PLANS to slash the number of Scottish and Welsh MPs have been published, demonstrating the need for "full control of our own democratic decisions", the SNP say.

The Boundary Commission for Scotland has launched an eight-week public consultation on the proposals, which would see the number of MPs returned to Westminster go from 59 in previous votes to 57.

Widespread changes would see boundaries shifted and constituencies renamed across the country, in the first change since 2005 - when they were cut from 72.

England will see an increase of 10 MPs, while Wales will lose eight, if the changes are implemented, while Northern Ireland is set to remain on the same number of seats.

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The two seats set to go in Scotland will be cut from the Glasgow City, Inverclyde and Renfrewshire council areas and the Aberdeen City, Aberdeenshire, Argyll and Bute, Highland and Moray council areas.

Both groupings currently have 10 constituencies, which the proposals will reduce to nine each.

Two Scottish constituencies - Na h-Eileanan an Iar, and Orkney and Shetland - will not change as they are protected under legislation.

The SNP have said the plan to reduce Scottish seats and boost the number of English MPs “underlines the need for Scotland to become an independent country”.

The proposals, which aim to resolve parity issues in the number of voters in constituencies, will have to be approved by parliament, but the commission said it hopes any changes would be in place by 2024 – when the next General Election is expected.

The parameters of the review have said the number of voters in each constituency must fall between about 70,000 and 77,000, unless the area would cover more than 12,000 square kilometres.

The National:

The proposals would redraw many boundary lines and reduce the number of MPs by two

Lord Matthews, the deputy chair of the commission and the person leading the review, said: “I believe this is a promising start to delivering the requirements of the new rules that mean the number of constituencies in Scotland will reduce from 59 to 57, and that each mainland constituency must have broadly the same number of electors.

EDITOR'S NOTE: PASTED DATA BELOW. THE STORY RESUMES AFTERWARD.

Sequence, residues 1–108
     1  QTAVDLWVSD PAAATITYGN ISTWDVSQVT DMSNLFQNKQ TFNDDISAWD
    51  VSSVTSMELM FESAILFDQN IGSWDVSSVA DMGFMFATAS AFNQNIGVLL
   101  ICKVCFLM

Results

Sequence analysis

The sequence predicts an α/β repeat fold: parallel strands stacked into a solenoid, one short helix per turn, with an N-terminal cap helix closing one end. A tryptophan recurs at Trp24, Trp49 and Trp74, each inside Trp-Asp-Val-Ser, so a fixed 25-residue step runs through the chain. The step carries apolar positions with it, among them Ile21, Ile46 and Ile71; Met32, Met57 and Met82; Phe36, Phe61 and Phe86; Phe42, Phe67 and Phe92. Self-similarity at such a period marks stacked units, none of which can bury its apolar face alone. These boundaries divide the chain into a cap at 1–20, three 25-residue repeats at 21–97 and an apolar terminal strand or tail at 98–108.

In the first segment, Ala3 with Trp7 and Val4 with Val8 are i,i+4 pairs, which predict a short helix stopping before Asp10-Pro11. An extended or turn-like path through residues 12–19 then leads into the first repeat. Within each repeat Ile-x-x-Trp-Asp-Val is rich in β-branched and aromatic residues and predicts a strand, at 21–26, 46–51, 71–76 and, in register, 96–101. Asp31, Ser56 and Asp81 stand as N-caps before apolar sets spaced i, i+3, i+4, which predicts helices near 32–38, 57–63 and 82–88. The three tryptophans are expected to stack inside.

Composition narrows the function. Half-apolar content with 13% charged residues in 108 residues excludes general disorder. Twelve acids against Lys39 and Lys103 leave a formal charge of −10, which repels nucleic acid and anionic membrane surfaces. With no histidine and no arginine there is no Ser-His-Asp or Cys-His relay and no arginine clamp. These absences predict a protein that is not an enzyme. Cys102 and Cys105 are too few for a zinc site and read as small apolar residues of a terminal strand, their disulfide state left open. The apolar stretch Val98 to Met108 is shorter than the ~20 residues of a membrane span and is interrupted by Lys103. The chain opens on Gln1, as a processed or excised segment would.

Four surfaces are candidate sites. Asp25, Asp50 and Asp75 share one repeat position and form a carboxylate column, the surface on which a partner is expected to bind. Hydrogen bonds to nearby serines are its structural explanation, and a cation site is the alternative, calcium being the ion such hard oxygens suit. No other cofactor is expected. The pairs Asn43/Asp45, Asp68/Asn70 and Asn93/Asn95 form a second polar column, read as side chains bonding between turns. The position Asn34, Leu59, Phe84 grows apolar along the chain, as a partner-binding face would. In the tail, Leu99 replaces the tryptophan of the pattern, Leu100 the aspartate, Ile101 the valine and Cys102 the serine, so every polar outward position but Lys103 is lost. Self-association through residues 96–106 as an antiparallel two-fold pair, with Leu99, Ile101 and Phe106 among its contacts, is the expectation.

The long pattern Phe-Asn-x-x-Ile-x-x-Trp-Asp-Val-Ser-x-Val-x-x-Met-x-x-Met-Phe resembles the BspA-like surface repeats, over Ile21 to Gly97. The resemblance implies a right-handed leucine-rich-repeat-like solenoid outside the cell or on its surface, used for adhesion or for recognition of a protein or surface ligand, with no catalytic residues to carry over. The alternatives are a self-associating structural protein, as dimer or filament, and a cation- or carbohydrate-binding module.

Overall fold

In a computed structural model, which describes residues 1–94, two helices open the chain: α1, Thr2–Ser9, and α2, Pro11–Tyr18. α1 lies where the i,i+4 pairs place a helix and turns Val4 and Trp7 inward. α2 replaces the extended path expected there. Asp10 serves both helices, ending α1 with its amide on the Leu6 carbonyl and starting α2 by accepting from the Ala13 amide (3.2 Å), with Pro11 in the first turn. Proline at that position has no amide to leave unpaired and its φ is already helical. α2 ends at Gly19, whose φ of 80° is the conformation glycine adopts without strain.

“We have set out proposals today which do that and are, we believe, a good implementation of the rules set by parliament.

“Today is the beginning of a process, and we now want to hear the views of the public. We will reflect on responses to the consultation and make changes where appropriate and where the legislation allows us to do so. We strongly encourage voters to make their views heard.

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“We welcome all comments on our proposals on our consultation site at

“We particularly want to hear suggestions on two aspects, suggestions for alternative boundaries that comply with the legislative requirements and constituency names.”

The National:

The proposals include the creation of a Highland Central constituency, encompassing Fort William, Inverness and Skye 

In a briefing on the changes, Professor Ailsa Henderson, who is also a commissioner on the review, said shifts in population sizes in different parts of the country had prompted the changes.

She said: “The result of that is that there is a wide range of electors across the existing Scottish constituencies.

“The constituency with the smallest electorate is Caithness, Sutherland and Easter Ross which has 46,000 – almost 47,000 electors – but the constituency with the largest electorate is in Linlithgow and East Falkirk with 88,000 electors, which is a range of around 41,000 electors.”

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The National:

A number of changes will be made in the central belt, where population density is highest

The difference in Northern Ireland is just 18,000, 36,000 in Wales and 57,000 in England.

Henderson added: “When there are wide variations in parity, that means that the votes in the small constituencies can be worth the equivalent of two votes in the larger constituency.

“So if everyone is selecting representatives to the same legislature, but their votes are worth more based purely on where they live, then, that obviously is a problem.

“The legislation is designed to ensure that electoral parity is the engine of electoral fairness in Westminster elections.”

The National:

The Glasgow City constituency boundary will be extended under the proposals 

According to Henderson, 27 constituencies in Scotland were below the quota set for the number of voters and 12 were above it.

SNP Westminster deputy leader, Kirsten Oswald MP, said: “Tory plans to further reduce Scotland’s representation at Westminster, while increasing the number of MPs for England, underlines the need for Scotland to become an independent country – in full control of our own democratic decisions and with the full powers needed to build a stronger, fairer and greener future.

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“The SNP will strongly oppose any attempt to weaken Scotland’s voice in the UK Parliament but the reality is Scotland will always be outvoted under the broken Westminster system – as we have seen with Tory austerity cuts, Brexit and power grabs imposed against Scotland’s will.

“Independence is the only way to keep Scotland safe from damaging Westminster decisions and Scotland’s best future lies as an independent country.”